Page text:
Lion Hunting RSA - A very strong opinion from Jensen Safaris

Discussion in 'News & Announcements' started by BRICKBURN, Jan 13, 2012.

  1. BRICKBURN

    BRICKBURN SUPER MODERATOR CONTRIBUTOR GOLD BENEFACTOR AH Ambassador

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    After JaimieD had a query here on AH I started to do some research. You know, the whole canned Lion thing. Court battles, Associations, outfitters, etc.

    I searched the latest President of the SA Predator Breeders Association (SAPBA): Prof. Pieter Potgieter and voila.

    I got this from Jensen Safaris website. Jensen Safaris Home Page
    It was posted in Danish but I translated it with assistance and thought I would share it on AH.

    My favorite part about this rant is his illustration of respect for American Hunters:

    "The American hunters are a gullible lot, and the SA hunting industry have for years been feeding on their willingness to turn a blind eye to any factor, as long as they could ensure the killing of large trophies."





    Letter published in the latest issue of SA JAGTER/HUNTER

    Dear Sirs,

    In your April issue Prof. Pieter Potgieter describes the successful court action by lion farmers, where new laws forcing farmers to ensure that lions live a natural life of a minimum of 24 months before being hunted, were suppressed on a technicality in the Free State High Court, as a victory for the hunting industry in SA. Nothing could be further from the truth.

    The laws were newer made to protect the lion population in the country - they were actually promulgated in order to protect the reputation of our professional hunting industry, which was suffering greatly from numerous examples of unethical so-called "canned" lion hunts, which by neglect of the authorities had developed into an industry of considerable proportions. To suggest that "self-discipline" amongst lion farmers would be a suitable solution equals the famous joke about letting the wolf look after the sheep.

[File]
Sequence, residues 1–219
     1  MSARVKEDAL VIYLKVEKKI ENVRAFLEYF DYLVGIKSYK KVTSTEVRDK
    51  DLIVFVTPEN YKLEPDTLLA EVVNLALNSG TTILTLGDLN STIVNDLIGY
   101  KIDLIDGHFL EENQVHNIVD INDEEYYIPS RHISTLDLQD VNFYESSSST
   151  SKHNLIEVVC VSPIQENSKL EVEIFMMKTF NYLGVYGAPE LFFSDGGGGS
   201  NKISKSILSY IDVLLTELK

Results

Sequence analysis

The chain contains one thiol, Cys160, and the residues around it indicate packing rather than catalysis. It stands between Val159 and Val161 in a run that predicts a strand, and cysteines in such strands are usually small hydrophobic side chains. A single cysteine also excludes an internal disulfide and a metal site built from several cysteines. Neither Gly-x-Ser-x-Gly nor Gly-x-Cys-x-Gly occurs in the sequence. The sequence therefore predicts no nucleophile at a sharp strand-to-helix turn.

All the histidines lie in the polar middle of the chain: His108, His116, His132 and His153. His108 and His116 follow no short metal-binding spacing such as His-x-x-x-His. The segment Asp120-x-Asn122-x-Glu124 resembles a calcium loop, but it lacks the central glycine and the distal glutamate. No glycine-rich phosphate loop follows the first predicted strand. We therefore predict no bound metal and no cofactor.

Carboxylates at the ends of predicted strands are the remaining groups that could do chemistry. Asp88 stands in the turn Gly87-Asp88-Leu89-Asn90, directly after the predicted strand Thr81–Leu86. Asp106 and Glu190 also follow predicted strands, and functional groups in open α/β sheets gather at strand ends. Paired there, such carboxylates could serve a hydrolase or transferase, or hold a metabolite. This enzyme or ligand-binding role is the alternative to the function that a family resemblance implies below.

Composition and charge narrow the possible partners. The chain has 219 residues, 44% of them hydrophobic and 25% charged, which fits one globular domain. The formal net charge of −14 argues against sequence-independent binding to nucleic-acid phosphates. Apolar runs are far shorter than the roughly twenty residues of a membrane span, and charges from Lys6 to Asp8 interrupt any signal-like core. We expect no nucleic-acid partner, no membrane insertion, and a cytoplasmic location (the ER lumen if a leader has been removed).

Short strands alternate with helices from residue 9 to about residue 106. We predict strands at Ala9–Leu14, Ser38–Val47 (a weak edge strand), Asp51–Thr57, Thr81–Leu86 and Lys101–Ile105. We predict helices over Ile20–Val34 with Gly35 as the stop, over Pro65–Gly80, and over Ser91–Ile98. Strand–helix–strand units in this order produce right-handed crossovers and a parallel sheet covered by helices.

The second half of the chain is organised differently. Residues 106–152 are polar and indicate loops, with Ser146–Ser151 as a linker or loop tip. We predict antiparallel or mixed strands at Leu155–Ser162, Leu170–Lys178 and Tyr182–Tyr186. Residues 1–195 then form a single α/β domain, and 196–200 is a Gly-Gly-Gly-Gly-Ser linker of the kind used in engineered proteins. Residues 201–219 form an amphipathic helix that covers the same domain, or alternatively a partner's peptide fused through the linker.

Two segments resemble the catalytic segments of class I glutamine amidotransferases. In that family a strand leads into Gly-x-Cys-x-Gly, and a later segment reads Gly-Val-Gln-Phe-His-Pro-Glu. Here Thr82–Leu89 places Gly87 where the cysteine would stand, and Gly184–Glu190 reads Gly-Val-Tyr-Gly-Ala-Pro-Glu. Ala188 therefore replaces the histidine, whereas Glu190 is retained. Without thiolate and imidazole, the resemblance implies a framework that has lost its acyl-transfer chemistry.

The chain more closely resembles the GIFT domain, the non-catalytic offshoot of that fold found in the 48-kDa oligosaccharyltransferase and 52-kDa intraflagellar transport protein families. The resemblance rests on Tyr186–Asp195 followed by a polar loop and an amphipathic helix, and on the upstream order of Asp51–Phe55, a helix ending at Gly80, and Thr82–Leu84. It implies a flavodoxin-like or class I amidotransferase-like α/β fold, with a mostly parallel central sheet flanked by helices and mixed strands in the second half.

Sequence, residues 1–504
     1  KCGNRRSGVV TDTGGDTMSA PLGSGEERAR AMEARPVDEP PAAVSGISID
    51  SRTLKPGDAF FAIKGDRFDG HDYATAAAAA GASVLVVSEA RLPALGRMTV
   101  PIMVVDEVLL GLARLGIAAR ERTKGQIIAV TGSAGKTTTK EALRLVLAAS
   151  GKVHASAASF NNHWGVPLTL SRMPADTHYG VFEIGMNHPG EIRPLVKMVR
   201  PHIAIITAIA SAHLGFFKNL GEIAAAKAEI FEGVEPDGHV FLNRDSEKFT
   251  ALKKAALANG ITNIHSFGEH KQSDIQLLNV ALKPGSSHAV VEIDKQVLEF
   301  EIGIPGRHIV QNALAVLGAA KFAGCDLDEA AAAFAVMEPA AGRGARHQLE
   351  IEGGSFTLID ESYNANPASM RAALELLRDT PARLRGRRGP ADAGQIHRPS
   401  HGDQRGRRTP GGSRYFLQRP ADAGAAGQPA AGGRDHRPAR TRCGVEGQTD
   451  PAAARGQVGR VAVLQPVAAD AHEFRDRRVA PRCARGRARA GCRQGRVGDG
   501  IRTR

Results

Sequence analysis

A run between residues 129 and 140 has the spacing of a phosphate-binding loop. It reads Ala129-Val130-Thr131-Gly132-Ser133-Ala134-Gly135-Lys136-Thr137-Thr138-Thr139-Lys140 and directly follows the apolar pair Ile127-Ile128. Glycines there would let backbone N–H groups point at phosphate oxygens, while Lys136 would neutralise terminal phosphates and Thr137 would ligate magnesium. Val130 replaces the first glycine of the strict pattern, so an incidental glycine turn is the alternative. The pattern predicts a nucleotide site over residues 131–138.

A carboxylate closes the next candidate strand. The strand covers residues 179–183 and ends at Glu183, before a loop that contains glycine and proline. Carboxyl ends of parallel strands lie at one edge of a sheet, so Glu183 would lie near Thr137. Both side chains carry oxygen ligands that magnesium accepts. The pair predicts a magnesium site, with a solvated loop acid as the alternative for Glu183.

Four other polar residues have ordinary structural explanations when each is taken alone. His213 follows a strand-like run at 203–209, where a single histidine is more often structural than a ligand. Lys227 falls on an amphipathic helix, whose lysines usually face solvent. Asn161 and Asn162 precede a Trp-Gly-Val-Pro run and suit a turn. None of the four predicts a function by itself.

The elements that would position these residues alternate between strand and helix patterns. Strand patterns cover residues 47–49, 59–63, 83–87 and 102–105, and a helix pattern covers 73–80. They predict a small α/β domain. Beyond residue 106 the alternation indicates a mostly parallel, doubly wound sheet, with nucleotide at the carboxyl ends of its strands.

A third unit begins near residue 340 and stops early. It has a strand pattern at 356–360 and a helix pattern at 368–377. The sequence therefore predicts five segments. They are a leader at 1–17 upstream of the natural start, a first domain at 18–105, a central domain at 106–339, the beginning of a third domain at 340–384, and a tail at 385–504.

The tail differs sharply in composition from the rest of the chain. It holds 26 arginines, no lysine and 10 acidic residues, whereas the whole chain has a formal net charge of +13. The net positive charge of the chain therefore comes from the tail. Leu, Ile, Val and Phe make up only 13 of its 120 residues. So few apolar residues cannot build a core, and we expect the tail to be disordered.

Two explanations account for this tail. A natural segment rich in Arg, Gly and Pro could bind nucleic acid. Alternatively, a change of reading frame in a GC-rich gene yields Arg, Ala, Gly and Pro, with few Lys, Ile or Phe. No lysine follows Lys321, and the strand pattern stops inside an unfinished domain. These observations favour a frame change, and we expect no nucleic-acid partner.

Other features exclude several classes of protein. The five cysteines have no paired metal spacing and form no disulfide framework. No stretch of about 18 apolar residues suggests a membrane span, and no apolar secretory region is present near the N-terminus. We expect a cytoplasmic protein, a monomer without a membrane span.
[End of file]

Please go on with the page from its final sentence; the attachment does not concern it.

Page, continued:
Comparing lion breeding with the release of game birds in Europe is irrelevant. I was educated as a gamekeeper in Denmark, and I can assure you that all game birds where released in the forest at the age of 5-6 weeks, and thereafter lived a natural life in the forest, mixing with the population of wild pheasants and ducks. By the time we hunted these birds, they were as wild and natural as they could possibly be. Likewise it is no excuse to compare it with the ridiculous artificial farming of giant red deer trophies in New Zealand. Whilst still in velvet, the deer are caught, and the ends of their antlers are then cut with an axe, in other to achieve an unnatural number of points. This unethical practice is being widely reported upon in overseas magazines. When next time you see one of those giant trophies advertised, you can rest assured that it has been created entirely by human interference in the growth process.

    The American hunters are a gullible lot, and the SA hunting industry have for years been feeding on their willingness to turn a blind eye to any factor, as long as they could ensure the killing of large trophies. Many African species are now being hunted in small fenced areas of Texas, and a huge portion of the lions appearing in the record books can be described as canned lions, most of them released on the very day of the hunt, and often drugged. There was every reason for Minister van Schalkwyk to interfere in the practice, and one can only hope that the laws be rewritten as a matter of urgency, so that we can again proudly market South Africa as a hunting destination, where "fair chase" is as important as creating an income for both outfitters and the owners of hunting land.

    You must realize that attitudes are changing, especially in Europe, where the actual quality of the hunting experience is becoming more important than numbers and inches. All hunters like to shoot large trophies - make no mistake, but the price can be too high, especially if the hunt takes place in a small fenced area or from a vehicle or in other unethical ways. Such a trophy may present much less value to the client, and he is unlikely to recommend the experience to others.